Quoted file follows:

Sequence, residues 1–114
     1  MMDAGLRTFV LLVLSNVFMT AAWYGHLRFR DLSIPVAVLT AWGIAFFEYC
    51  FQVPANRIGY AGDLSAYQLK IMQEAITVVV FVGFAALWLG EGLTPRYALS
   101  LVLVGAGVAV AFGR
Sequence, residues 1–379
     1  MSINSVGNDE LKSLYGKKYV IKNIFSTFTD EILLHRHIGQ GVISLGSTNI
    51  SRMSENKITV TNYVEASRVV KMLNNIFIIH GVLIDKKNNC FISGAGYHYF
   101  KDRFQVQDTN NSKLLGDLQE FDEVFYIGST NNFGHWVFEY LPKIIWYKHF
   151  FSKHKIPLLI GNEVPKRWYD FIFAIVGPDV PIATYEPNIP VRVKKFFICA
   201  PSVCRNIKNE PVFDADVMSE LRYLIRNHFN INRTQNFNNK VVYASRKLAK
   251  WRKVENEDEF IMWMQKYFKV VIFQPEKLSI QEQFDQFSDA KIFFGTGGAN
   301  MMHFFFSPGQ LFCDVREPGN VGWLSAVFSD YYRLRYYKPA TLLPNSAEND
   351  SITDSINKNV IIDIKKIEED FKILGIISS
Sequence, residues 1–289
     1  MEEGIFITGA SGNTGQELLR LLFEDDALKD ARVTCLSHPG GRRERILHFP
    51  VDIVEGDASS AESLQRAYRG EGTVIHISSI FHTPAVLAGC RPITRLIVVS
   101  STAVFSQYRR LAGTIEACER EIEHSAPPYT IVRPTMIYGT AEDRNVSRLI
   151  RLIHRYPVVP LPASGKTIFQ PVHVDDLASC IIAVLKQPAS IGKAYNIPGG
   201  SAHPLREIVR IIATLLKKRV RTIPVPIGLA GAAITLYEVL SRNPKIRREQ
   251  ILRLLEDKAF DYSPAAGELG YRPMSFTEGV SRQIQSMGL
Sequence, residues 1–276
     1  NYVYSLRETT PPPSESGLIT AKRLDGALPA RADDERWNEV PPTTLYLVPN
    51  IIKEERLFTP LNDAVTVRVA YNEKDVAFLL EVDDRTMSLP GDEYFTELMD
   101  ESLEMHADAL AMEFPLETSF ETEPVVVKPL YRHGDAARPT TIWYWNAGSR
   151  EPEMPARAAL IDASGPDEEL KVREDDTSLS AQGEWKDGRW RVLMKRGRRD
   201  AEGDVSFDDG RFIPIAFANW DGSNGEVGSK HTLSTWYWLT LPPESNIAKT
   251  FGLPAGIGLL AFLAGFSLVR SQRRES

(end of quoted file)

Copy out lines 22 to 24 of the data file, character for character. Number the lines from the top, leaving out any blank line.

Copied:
     1  NYVYSLRETT PPPSESGLIT AKRLDGALPA RADDERWNEV PPTTLYLVPN
    51  IIKEERLFTP LNDAVTVRVA YNEKDVAFLL EVDDRTMSLP GDEYFTELMD
   101  ESLEMHADAL AMEFPLETSF ETEPVVVKPL YRHGDAARPT TIWYWNAGSR